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15 October 2014
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Freeman to Prisoner to Freedman

by Margaret Martin

Contributed by 
Margaret Martin
People in story: 
Fred Freeman, Joe Jenner, Gunso Mori,Kasayama,Lt Sonni
Location of story: 
Singapore, Jave, Sumatra, Haruku
Background to story: 
Royal Air Force
Article ID: 
A3982593
Contributed on: 
01 May 2005

Foreword
Aged 18½ years, Frederick George Freeman (916461) volunteered into the Royal Air Force on 26th February 1940 and was mustered as Aircrafthand General Duties (Trade Group D). He would have joined at the local recruiting office in Queen’s Road, Brighton, and then gone to the Recruit Centre at Uxbridge for preliminary training. He went to No 7 RG Dep Cas Form 61/40 and date of movement 6/3/40 and Cas Form confirming arrival 59/40 until 29/3/40 when he returned to North Weald (No 7 RG is unclear on this photocopy but Hendon suggested it was RAF Bridgenorth)

He was stationed at RAF North Weald (29 March — 13 May). After a 2 weeks’ drill course at North Coates Fittes in Lincolnshire (13 May — 27 May 1940) he then returned to North Weald throughout the Blitz. Then he went for basic training at No 3 Wing, 8 School of Technical training at RAF Weeton and then sailed to the Far East 0n 27th June1941, probably on the Athlone Castle , to relieve men who had been overseas for three years. He served in RAF Butterworth, Malaya, from 25 August 1941and then moved to Transit Camp Seletar on 13 November 1941, before going to Air Headquarters (AHQ) at Sime Road, where he was on the ground staff.

(Fred was possibly brought down from RAF Butterworth to Singapore for Wing Commander Gregson‘s “X” Party, a forerunner of the RAF Regiment. Airmen were used in defence of stations and other establishments in and around Singapore, i.e. ground gunner. [Additional information supplied by Derek Robert Fogarty, RAF 1400393] Singapore a large camp of attap huts at the bottom of Jalan Kayu Seletar, in a rubber plantation on the Yeo Chew Kang Road)

After the war Fred had his story typed up by his wife, Marie, to support the London FEPOW’s claim for compensation.

“On February 12 1942 we evacuated Singapore in the “Empire Star” for Java. During the journey, 3 Japanese dive-bombers attacked us that we drove off with small arms fire, as we had no other defence. According to a destroyer that was our escort we shot down two of them. Later on we were attacked by high-level bombers who scored three direct hits on us, killing 20 men.” They were put into Carpentier Alting Stichting, at Batavia, for about a fortnight, sleeping on the bare stone floor on blanket, and then were moved to a tobacco plantation at Poer Bolingo, Central Java. They were unarmed so had to go to Tjilatjap to embark.(Fred was obviously with the large party of RAF put on a train at Batavia on or about 1 March 1942 to go to the docks at Tjilatjap for evacuation to India. Later that day we were shunted around but eventually put off the train to some tobacco-drying shed outside Poer Bolingo where we slept in attap huts on the side of Mount Slamet (a volcano). Here we were formed into the RAF defence Wing and some instruction was given in the use of Tommy (Thompson) machine guns (.45s). Derek Fogarty was detailed as an instructor.)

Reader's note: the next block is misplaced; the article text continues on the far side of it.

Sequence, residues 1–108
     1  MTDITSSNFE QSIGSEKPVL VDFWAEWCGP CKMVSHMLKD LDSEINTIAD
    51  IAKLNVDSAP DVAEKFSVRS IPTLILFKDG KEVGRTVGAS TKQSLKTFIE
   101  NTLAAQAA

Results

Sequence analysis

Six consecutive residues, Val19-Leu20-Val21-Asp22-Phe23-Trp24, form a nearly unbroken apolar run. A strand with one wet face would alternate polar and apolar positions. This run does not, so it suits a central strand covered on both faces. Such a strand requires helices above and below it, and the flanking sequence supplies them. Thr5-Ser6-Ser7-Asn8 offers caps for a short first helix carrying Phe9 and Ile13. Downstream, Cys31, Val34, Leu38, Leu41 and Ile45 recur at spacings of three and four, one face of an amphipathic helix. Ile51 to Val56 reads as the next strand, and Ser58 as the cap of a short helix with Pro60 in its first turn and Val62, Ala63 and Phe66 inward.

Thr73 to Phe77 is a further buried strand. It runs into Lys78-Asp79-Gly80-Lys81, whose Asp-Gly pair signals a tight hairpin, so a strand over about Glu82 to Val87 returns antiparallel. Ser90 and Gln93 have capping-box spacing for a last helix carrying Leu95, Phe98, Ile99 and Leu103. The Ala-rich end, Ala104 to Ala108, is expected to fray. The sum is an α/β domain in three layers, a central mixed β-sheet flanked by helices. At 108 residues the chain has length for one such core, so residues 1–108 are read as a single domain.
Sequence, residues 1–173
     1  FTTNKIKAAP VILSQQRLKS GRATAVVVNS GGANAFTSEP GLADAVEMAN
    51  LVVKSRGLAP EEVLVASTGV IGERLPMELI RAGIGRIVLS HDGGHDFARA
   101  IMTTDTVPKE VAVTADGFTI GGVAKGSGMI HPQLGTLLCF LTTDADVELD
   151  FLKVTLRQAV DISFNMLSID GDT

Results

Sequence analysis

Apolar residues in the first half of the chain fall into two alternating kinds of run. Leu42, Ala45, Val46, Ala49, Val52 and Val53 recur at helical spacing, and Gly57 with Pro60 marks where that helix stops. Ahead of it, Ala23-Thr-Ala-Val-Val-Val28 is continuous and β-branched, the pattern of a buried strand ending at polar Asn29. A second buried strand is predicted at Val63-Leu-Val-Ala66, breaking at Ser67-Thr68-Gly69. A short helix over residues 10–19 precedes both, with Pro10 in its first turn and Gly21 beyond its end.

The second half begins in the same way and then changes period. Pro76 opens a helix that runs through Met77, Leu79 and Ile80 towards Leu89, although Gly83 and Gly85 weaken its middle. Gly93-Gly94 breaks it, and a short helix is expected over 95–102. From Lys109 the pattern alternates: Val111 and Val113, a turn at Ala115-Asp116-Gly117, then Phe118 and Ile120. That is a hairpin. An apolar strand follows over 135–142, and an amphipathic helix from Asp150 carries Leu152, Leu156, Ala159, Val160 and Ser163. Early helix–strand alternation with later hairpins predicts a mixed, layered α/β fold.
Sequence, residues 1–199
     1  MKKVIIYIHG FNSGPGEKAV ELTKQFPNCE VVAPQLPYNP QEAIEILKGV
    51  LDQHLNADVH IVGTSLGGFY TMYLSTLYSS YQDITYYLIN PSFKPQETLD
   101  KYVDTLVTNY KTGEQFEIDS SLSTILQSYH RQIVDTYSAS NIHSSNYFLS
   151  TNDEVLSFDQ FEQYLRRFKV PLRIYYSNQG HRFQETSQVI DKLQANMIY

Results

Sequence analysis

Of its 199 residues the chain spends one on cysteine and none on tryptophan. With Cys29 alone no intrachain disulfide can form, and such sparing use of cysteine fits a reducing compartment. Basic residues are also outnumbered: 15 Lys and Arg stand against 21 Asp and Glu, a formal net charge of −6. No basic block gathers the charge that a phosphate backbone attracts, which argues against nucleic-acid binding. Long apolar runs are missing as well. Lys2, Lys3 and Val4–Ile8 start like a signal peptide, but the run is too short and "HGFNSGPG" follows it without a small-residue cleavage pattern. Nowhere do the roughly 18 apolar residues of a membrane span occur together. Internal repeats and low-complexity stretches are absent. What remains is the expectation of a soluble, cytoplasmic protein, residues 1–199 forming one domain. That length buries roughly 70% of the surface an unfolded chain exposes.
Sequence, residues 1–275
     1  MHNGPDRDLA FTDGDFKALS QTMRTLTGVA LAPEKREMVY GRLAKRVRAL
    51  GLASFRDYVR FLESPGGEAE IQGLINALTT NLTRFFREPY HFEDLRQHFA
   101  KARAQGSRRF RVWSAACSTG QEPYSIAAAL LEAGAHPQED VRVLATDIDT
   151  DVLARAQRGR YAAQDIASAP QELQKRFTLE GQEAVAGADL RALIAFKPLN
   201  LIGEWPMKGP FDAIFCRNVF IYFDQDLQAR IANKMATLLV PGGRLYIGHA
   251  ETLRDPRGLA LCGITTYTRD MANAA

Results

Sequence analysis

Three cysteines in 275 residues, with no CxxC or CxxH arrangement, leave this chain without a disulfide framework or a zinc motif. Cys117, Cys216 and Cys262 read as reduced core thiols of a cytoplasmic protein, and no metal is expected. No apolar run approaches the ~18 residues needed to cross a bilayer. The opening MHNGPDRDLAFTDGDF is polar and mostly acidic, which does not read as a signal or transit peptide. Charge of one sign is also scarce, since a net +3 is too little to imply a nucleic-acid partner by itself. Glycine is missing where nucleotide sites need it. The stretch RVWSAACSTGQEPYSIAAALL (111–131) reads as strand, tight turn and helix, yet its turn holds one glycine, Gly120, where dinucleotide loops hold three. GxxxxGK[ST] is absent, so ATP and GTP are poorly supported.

“On 4th March this port was wrecked by Japanese bombers so we were put on a train for an unknown destination. [On 6th March (Derek Fogarty) all arms were removed … we assembled at the railway sidings, at a big marshalling yard, and were put aboard the first train. Just before dusk, men were selected to act as brakemen and given some instruction. They sat upon the seat at the back of the trucks, open to the world. Passengers were allocated wooden slatted/seated carriages, others cattle trucks and the lucky ones, steel-sided trucks which were normally used for carrying oil/petrol drums. The journey was supposed to take about 3 hours and we were led to believe we were going to support a “2nd line of defence” at Bandoeng. I think we left about 6pm and at 9 pm, in the brightest of full moon nights, I remarked to my two friends that we should soon be at our journey’s end, when suddenly we were ambushed by the Japanese.] At about 9 pm, the train ran into an ambush to which not a shot was fired in answer, as we had not a round between us. A mortar shell landed in the truck in front of mine, killing six of the occupants and wounding the remainder. As the crew of the train jumped for it at the onset, it was a good job that a bullet had severed one of the steam pipes so that the train stopped on its own after drifting for about a mile and an officer told us to abandon the train and follow the road which ran alongside the railroad. The wounded were taken to a hut where, as we had no medical supplies or orderlies, one of the lads volunteered to stay with them.” [We also were in a metal truck, next to the one hit by a mortar shell and we did extricate alive, a mate who had been lying on the floor. The other many casualties from the truck were carried to wayside attap huts but those able were ordered off, up the railway track, away from the Japanese. We had been protected to a degree by the metal structure of the truck and only some bullets penetrated and richoched around inside. Some complained of getting hit but most appeared able to vacate the moving truck.]